Stop worrying about the wait-list, take these classes instead

Registration season is here again, meaning many students will be rushing to their computers every morning to check the wait-list for that one class everybody wants to take. Student Life would like to offer an alternative to all that hoping and waiting: a list of classes you can wedge into your schedule that we think will give you some great experiences.

Classical to Renaissance Literature: Text and Tradition

Yeah, it’s a lot of reading. Yeah, everything you read is by dead white guys (with the exception of Sappho, literally the original lesbian). And yeah, you might not be in Text and Tradition or IPH, but none of that matters, because Phillip Purchase is teaching this class. If not for his indescribable wealth of knowledge about every single word in Homer’s “Iliad,” take it because the phrase “fantastically large clitoris” was used when I took this course two years ago. Also, you will learn so much about literature that most people only pretend to have read. —Sarah Hands, Managing Editor

Advertising I

Whether you plan to pursue a career in advertising or just want to have a fun creative outlet in your schedule, Advertising I is a great option. The majority of the class is spent on group projects that walk you through the process of brainstorming, creating and pitching ad campaigns, including a final project that you present to an actual agency. Plus, the class’s professor, Frank Oros, is an industry veteran with plenty of interesting stories to share. —Katharine Jaruzelski, Managing Editor

Selected American Writers: Walt Whitman in his time and ours

Anyone who has delved even just briefly into popular culture has been exposed to the works of Walt Whitman. From “Dead Poets Society” to” Breaking Bad,” from Wilco to Dracula, Walt Whitman has inspired more than his fair share of what we hold dear. A smaller discussion class that is largely still open, this investigation hopes to give greater insight on Whitman, his persona, his writing and his effect on the voice of the writer for the decades to come. — Wesley Jenkins, Forum Editor

Drawing 1

I’ve said it before and I’ll say it again, Drawing 1 is a perfect class for anyone from experienced artists to stick figure amateurs. I took the class freshman year and there were several non-art school students in my section alone. Taking a drawing class means learning to see and learning to interpret the world with your eyes. You also get the chance to be messy and stain your fingers with charcoal. There are a lot of different professors and sections, so you can find the one that works well with your schedule and personality. —Noah Jodice, Associate Editor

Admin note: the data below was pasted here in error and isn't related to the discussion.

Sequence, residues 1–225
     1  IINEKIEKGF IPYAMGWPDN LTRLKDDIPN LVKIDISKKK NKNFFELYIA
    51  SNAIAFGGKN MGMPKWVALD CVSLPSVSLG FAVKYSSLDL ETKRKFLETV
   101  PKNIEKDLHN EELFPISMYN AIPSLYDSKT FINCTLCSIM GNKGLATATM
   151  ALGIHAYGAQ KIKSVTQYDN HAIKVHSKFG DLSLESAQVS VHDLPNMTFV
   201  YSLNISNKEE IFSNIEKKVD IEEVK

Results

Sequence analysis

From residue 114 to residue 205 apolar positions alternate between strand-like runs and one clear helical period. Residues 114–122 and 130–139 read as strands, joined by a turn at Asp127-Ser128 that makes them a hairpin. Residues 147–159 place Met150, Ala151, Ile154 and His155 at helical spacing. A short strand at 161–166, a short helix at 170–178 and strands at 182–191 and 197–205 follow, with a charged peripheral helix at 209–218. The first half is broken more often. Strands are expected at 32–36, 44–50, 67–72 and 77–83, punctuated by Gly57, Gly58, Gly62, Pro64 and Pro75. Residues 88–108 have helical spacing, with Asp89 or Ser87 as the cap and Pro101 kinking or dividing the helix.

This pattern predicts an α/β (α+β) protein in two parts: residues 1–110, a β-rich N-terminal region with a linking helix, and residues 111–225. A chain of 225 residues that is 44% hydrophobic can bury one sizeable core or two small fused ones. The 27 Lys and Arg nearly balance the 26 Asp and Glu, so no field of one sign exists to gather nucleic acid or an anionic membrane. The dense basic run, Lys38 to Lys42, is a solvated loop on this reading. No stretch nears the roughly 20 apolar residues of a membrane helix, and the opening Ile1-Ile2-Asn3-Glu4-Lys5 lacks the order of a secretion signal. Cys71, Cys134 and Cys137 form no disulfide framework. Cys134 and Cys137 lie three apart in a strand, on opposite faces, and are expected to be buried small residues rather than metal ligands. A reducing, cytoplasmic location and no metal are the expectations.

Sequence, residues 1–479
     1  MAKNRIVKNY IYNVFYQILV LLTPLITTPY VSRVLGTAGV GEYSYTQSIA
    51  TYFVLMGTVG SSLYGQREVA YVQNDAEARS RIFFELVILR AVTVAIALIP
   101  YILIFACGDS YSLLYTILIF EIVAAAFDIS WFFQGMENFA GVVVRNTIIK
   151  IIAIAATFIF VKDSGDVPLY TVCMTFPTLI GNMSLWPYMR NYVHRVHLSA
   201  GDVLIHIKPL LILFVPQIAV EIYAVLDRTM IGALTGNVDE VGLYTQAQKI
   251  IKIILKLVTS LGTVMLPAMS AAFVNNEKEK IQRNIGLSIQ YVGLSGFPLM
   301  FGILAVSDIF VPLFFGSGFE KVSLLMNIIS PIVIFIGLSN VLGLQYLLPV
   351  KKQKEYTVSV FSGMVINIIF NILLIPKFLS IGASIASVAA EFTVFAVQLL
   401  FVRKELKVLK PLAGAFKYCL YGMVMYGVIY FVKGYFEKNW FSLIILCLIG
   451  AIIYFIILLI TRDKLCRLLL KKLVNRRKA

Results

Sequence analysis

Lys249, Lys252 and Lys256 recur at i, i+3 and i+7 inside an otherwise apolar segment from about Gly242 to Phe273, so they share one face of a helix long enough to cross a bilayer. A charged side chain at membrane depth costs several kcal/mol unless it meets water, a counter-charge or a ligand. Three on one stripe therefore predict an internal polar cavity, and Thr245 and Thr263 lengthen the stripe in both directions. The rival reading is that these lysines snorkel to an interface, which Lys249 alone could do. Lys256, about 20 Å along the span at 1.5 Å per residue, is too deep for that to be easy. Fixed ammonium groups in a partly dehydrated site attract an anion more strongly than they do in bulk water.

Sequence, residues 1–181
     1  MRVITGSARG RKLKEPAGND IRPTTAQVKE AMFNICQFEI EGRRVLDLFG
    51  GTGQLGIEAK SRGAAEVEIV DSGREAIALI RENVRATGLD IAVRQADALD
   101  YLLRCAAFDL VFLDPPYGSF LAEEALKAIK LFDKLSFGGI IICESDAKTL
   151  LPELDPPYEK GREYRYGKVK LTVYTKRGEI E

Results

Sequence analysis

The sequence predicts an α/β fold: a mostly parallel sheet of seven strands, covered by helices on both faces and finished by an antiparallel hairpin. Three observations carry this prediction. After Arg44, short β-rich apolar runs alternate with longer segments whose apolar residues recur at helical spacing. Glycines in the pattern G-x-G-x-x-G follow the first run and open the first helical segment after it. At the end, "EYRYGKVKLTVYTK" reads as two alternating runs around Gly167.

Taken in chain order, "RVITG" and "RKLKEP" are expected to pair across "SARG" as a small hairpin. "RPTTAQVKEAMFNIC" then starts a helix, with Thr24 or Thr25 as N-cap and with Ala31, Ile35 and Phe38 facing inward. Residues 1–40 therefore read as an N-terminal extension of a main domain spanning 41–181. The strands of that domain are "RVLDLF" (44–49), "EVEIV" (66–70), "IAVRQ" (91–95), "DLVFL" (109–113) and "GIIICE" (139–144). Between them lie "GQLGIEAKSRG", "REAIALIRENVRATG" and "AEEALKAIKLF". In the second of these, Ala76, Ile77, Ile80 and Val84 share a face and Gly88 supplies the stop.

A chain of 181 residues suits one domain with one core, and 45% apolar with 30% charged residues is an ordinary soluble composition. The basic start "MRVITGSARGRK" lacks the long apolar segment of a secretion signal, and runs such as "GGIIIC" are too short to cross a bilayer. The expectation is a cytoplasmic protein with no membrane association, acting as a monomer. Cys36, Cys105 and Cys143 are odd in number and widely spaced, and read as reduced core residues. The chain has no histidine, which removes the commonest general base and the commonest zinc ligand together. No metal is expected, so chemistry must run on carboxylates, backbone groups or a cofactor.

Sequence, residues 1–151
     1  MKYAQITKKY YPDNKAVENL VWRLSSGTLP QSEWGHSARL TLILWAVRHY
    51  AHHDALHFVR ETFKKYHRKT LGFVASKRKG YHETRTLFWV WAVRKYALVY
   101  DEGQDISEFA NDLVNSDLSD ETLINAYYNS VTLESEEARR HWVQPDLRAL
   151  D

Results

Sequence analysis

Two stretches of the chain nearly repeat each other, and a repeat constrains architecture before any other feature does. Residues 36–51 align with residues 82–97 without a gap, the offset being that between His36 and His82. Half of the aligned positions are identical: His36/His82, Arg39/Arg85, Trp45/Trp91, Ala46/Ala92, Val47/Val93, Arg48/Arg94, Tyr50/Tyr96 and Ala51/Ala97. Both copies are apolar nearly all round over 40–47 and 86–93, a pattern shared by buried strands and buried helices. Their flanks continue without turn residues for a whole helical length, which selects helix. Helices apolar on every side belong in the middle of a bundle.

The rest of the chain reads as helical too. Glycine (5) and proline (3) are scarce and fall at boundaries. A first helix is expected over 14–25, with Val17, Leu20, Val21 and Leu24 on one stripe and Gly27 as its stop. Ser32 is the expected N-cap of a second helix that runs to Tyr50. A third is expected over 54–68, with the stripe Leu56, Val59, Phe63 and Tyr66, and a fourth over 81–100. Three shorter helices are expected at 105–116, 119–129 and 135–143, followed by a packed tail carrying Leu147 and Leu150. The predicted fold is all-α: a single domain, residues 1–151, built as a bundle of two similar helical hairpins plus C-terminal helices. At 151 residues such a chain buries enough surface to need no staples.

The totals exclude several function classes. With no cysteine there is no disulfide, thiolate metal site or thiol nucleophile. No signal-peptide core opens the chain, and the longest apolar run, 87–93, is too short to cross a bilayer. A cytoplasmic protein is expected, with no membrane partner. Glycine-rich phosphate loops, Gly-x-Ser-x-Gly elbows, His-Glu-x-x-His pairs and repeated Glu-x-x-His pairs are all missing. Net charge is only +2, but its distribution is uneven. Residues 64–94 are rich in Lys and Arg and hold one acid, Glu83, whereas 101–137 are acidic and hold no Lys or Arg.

Intro to Linguistics

There isn’t a better breakfast than word trees with a side of phonetic transcriptions. Take Introduction to Linguistics with professor Brett Hyde—not only does he make class entertaining, but he isn’t reluctant to introduce his students to more advanced topics if they master the linguistic basics. — Zach Kram, Longform Editor


If you want a good grounding in how to apply basic economics, or if you’re just looking for a class that’s broken up by stories about the music industry, take business school microeconomics with Glenn MacDonald. It takes a mathematical approach to microeconomics and game theory while remaining accessible to those with no economics background, and MacDonald’s anecdotes keep lecture engaging. Whether you’re interested in business or not, it’s a class worth checking out. — Manvitha Marni, Managing Editor


On its face, Exposition sounds like one of those bone-dry high school English courses that’s taught directly from outdated writing textbooks. But instead of imposing a limited scope, the class’ admittedly vague title achieves the opposite. While you’ll examine the fundamentals of style, organization and argument, you’ll do so through varied texts and assignments. If you’re seeking a class that will lend a critical eye to your writing from all angles, look no further. —Mark Matousek, Senior Cadenza Editor

Contemporary Comedy: Stand-up, Sketch and Improv

Do you like comedy? Do you like courses in which the title is pretty self-explanatory? Do you want to take a class with a cool dude named Pannill? Then you should take this class. You’ll learn about the history of American comedy by watching lots of stand-up and sketch throughout the decades, in addition to reading critical pieces about the theory of humor. The final exam involves either a) writing an eight-page research paper or b) doing two minutes of stand-up in a class showcase. You can test out performing in a safe environment where no one will judge you/be mean to you/glare at you until you die. Also, there might be cookies! Don’t quote me on that. There might not be cookies, but you should still take the class. — Rima Parikh, Scene Editor

Intro to Social Psychology

I took this class on a whim this semester. What I didn’t know is that it would deconstruct the human experience and provide me with a new way of looking at interpersonal interactions. What is attraction? What is systematic prejudice? Why is there a difference in performance when you take a test by yourself versus in a full classroom? This class explores so many things that you may have never even thought about but that affect your daily life. — Lindsay Tracy, Copy Chief

Culture, Politics, and Society in Francophone Africa

Fear not: You do not have to speak French in order to take this class, nor do you need to be intimately familiar with the political environment of West Africa. Take the class because Dr. Diallo is an incredible professor who will turn your knowledge of this region of Africa and its complicated history upside down, with fascinating source media that sidestep Western stereotypes of African development and get down to the truth. — Maddie Wilson, Managing Editor